​Financial hardship and credit restoration

by External19 Feb 2014
John Dickinson
John Dickinson of Clean Credit looks at how hardship provisions relate to credit repair

Few people understand financial hardship legislation, even fewer understand how financial hardship can be applied to credit restoration.

Let’s first cover what financial hardship actually means to a credit provider.

In today’s world it is common for people to have a number of debts such as home loans, vehicle finance, credit cards and personal loans. In order to approve an application for finance a credit provider will consider many things including the applicant’s ability to service the debt.

A borrower’s ability to service a debt is based on their current situation such as their employment or the income derived from a business, in other words a credit provider can only take the applicant’s current financial situation into consideration; after all, we can’t expect a credit provider to predict the future.

The reality is, however, that things change. People lose their jobs, business’ fail, marriages separate and people get sick, all of which can have a profound impact on someone’s ability to make payments on a loan.

Let’s say a bank approved a home loan with a 25-year term – the reality is a person’s income source is almost certainly going to change during this period. It would be normal for someone to have a number of careers or business’ during this period and the chances of someone having an event that will affect their ability to service their debts during this term is high.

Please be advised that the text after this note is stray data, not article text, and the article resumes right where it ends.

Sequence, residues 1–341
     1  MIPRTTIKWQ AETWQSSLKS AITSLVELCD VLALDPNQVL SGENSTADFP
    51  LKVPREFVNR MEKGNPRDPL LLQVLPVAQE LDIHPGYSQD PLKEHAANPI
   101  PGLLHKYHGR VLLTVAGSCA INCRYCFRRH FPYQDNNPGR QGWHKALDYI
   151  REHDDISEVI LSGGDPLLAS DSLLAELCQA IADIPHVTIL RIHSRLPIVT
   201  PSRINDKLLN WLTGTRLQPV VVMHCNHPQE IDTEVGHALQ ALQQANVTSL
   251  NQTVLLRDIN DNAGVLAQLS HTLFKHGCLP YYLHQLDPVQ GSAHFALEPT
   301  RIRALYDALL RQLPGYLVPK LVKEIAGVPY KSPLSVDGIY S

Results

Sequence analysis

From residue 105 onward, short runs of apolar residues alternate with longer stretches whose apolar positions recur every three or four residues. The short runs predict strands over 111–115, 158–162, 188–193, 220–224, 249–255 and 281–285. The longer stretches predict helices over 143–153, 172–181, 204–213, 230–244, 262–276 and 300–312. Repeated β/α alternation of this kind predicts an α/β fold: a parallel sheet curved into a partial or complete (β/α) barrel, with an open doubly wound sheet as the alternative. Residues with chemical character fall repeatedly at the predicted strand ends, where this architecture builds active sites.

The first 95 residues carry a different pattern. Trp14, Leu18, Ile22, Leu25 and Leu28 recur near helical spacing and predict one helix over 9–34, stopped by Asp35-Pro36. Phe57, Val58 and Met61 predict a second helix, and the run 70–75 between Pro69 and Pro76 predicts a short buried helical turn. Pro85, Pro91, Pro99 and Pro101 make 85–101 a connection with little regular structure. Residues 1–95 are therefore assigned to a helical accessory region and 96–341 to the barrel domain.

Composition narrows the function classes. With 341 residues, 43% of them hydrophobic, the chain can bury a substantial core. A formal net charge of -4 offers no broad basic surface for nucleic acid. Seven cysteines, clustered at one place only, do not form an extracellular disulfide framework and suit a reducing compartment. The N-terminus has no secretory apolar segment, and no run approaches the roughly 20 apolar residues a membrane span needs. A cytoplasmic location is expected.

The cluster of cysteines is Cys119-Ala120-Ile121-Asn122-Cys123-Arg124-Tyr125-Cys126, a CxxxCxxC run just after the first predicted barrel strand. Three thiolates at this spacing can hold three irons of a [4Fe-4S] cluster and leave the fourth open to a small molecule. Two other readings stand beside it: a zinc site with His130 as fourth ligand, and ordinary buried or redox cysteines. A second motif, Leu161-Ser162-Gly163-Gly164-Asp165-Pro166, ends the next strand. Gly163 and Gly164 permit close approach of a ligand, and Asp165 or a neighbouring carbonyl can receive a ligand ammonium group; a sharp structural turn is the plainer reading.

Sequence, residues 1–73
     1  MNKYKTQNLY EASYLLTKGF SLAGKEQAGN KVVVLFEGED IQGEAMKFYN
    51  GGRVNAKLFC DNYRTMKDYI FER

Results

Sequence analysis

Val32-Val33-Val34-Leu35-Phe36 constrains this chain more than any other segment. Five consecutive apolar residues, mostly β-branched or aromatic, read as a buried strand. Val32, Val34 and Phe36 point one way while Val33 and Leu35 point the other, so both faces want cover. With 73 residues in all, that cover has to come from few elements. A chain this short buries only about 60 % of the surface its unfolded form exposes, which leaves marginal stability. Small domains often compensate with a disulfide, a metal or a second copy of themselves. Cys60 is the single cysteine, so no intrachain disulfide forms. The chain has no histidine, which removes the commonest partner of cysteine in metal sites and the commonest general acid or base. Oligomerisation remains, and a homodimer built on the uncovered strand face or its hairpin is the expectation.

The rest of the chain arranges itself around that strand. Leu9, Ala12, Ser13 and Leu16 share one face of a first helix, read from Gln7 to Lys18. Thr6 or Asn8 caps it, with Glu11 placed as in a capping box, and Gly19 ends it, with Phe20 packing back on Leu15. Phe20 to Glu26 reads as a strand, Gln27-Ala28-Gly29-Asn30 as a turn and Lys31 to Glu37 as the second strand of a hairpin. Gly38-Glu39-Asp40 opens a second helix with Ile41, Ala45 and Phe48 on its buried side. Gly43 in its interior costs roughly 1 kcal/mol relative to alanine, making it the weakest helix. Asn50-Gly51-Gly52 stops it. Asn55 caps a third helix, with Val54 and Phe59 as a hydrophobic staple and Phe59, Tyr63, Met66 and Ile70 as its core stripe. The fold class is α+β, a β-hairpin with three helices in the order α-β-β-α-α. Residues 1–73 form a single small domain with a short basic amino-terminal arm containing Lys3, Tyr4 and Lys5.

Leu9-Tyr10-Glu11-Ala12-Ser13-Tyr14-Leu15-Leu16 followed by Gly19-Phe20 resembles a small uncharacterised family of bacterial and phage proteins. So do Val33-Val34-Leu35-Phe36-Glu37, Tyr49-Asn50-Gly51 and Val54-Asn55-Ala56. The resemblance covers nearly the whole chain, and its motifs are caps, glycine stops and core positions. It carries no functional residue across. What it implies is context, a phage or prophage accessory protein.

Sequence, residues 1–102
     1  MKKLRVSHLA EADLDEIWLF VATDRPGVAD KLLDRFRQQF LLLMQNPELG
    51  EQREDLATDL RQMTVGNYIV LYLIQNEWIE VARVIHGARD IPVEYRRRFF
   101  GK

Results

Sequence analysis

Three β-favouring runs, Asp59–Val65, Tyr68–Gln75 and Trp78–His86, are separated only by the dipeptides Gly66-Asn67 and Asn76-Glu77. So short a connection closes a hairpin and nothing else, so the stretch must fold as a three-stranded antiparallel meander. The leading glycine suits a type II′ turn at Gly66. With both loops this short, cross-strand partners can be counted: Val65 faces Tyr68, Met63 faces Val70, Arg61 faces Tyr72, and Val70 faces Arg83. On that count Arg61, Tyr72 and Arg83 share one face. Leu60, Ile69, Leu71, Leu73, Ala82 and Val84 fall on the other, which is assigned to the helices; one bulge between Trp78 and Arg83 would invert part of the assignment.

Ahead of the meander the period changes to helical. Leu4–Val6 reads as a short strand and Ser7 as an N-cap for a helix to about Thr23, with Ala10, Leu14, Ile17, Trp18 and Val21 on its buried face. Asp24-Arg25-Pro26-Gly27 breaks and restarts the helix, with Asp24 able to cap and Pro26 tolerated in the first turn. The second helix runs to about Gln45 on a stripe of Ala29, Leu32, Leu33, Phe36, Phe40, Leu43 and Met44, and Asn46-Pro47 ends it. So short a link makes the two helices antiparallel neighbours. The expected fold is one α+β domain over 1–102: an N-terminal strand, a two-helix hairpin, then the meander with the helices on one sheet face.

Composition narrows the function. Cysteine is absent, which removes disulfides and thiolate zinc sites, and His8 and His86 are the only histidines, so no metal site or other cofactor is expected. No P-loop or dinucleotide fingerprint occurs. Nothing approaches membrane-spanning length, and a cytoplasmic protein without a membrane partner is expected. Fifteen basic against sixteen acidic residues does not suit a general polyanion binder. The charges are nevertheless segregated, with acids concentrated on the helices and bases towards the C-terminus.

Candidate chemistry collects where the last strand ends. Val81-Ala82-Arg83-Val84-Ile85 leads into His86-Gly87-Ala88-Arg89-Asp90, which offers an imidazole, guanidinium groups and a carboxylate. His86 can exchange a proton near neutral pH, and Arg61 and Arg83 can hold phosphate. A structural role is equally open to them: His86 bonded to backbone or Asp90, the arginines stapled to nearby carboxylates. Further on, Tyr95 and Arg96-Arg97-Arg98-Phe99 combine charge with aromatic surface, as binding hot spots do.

Credit providers are well aware of this fact and for the most part have established financial hardship policies in place to accommodate for these situations.

The moment a borrower even hints that they are experiencing financial difficulty, a credit provider is under a legal obligation to offer assistance. In fact, in some cases the borrower doesn’t need to say a thing; if their repayment history changes for the worse there is a solid argument that the credit provider should have picked up on this and made contact with their client to see what was wrong and offer assistance.

As most people know little about financial hardship legislation or a credit provider’s obligations to assist, credit providers are expected to take the initiative and explain what options are available to their clients, even if they may not have asked directly for financial assistance.

What should happen and what does happen are often two different things. The truth is many credit providers are not fully aware of their obligations under hardship legislation, and therefore the correct information is not always relayed to their clients.

There have been many examples of borrowers contacting credit providers to tell them they will not be able to meet their payments due to financial hardship and the credit provider offering no assistance at all. We have even witnessed situations where credit providers have said that they don’t care and “recovery action will commence if they don’t pay” or words to that effect.

This attitude displays either an inexcusable lack of understanding of their legal obligations or a complete disregard for them, both of which are equally disturbing.

If a borrower contacted a credit provider and told them they were unable to pay due to financial distress and the credit provider did not offer the correct level of financial assistance, which is common, then there is a genuine argument that recovery action should never have commenced and in turn a payment default or court action should have not been recorded on the client’s credit file. 

It’s important to note that financial hardship legislation is there to help people during difficult times and while it is a credit provider’s legal obligation to help it should also be their moral obligation.